The Biden administration’s promise to bring more scrutiny on the nursing home industry took another step forward Monday with the release of a new database of facility ownership, the Department of Health and Human Services (HHS) announced.
The new resource covers roughly 15,000 Medicare-certified nursing homes and builds on a previous data release by showing which nursing homes are under common ownership. This allows researchers, regulators, law enforcement and others to better identify whether certain owners are linked to poor care quality or other impacts on residents, HHS wrote in its announcement.
The updated data set also characterizes each owner, “such as whether it’s a holding company or a consulting firm,” HHS wrote.
The department said it plans to update the information monthly.
“President Biden has made clear that we must improve the quality of care in our nation’s nursing homes—and we are taking unprecedented steps to deliver on his call to action,” HHS Secretary Xavier Becerra said in a statement. “Every family deserves the peace of mind of knowing their loved ones living in nursing homes are receiving the best possible care. We are continuing to make more data publicly available than ever before to improve transparency for researchers, regulators and loved ones.”
President Joe Biden painted a target on the nursing home industry during this year’s State of the Union address, when he highlighted recent trends of private equity ownership and worsening quality of care.
A policy fact sheet released shortly afterward by the White House listed minimum staffing requirements, stronger performance incentives, additional facility inspection funding and greater transparency among several planned reforms for the sector.
The administration also cited reports from the Government Accountability Office and others pointing to widespread infection prevention and control deficiency, hundreds of thousands of pandemic deaths and ballooning investments into the sector.
“Despite the tens of billions of federal taxpayer dollars flowing to nursing homes each year, too many continue to provide poor, sub-standard care that leads to avoidable resident harm,” the administration wrote in its Feb. 28 fact sheet.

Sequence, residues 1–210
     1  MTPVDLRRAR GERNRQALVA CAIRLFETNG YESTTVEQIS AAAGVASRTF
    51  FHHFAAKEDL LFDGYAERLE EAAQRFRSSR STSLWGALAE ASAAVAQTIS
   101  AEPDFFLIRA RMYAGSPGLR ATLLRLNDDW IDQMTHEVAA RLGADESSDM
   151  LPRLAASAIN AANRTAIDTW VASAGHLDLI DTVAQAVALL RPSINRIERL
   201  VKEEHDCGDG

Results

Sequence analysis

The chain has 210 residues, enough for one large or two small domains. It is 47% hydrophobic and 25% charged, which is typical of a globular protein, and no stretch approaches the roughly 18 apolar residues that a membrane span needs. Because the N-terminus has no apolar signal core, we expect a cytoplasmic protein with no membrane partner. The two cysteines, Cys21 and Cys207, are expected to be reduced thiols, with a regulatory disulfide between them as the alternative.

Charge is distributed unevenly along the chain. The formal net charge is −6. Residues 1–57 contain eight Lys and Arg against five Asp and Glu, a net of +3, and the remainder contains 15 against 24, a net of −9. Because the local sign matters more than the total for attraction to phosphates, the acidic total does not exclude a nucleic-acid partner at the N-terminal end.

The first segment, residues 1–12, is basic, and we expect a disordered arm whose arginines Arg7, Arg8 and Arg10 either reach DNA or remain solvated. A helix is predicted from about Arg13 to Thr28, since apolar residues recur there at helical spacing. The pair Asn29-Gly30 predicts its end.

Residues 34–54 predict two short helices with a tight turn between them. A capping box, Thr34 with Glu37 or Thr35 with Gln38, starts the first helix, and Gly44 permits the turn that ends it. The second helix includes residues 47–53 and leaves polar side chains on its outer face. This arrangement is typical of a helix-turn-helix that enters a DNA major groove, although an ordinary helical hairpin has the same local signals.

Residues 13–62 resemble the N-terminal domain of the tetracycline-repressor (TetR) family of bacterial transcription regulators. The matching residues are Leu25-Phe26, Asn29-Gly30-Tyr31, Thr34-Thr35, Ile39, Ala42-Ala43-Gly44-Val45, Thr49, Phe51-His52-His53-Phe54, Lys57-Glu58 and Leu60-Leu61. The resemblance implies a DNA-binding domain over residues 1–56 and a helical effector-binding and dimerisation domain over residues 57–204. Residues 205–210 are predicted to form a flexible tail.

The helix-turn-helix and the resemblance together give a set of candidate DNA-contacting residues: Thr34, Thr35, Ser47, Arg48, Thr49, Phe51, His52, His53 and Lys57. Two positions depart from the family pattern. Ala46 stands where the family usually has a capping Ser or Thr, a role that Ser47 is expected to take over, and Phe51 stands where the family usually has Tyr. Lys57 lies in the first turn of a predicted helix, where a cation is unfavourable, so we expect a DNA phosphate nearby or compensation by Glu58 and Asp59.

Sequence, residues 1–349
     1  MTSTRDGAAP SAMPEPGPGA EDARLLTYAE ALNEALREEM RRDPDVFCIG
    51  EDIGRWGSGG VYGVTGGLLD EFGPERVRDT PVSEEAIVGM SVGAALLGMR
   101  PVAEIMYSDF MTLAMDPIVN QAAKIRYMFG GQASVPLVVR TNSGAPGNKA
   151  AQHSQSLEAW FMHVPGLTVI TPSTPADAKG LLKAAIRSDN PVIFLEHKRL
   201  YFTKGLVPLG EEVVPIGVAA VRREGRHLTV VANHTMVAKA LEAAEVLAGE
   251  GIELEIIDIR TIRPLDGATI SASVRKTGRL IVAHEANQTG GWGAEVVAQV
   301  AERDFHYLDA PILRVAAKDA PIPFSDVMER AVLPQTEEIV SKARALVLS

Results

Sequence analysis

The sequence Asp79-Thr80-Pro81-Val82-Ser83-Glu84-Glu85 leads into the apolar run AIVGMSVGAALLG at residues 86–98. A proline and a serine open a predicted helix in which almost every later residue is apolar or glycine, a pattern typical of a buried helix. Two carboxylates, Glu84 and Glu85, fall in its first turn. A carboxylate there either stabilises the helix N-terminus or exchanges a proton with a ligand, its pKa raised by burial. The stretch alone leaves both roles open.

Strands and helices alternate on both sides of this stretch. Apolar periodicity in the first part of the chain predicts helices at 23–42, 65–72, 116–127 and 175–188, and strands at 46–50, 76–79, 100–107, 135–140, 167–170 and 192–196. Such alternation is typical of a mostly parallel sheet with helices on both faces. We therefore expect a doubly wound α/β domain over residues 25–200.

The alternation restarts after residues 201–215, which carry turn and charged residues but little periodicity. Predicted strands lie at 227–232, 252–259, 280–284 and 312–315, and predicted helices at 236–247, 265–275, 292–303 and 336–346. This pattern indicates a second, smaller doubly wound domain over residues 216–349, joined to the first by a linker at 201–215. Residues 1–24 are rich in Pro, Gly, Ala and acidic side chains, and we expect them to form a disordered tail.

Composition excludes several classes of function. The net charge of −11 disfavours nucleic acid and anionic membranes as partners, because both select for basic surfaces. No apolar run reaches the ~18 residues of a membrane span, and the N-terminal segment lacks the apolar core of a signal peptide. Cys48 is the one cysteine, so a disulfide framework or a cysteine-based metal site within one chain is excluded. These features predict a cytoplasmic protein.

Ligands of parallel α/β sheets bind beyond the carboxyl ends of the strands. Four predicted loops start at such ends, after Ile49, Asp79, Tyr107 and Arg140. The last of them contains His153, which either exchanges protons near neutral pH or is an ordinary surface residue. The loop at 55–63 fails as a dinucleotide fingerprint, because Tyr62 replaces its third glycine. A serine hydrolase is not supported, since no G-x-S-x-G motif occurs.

The American Health Care Association and the National Center for Assisted Living (AHCA/NCAL), which represents more than 10,000 nursing homes, pushed back on the administration’s claims at the time by attributing pandemic deaths to “a series of horrible public health policy decisions” and widespread staffing shortages. Its rebuttal did not, however, address the subject of private equity ownership.
Monday’s release comes five months after the administration published two data sets on Medicare-enrolled hospitals and skilled nursing facilities’ mergers, acquisitions, consolidations and changes of ownership from 2016 to 2022, a move the administration said would help promote competition and protect patients from increasing healthcare costs.
In response to a request for comment, a representative of the AHCA/NCAL referred to a statement from the April release supporting actions to increase financial transparency in the industry.
"As we seek to better understand the potential impact of nursing home ownership trends, we must also consider how the chronic underfunding of long term care interplays with the financial decisions nursing home providers may feel pressured to make," the AHCA/NCAL said at the time. "Meanwhile, the industry remains steadfast on improving care by focusing on the metrics that will make a meaningful difference in the lives of our residents. Policymakers and providers should work in tandem on these efforts, so that no matter who owns a nursing home, residents receive the highest quality care.”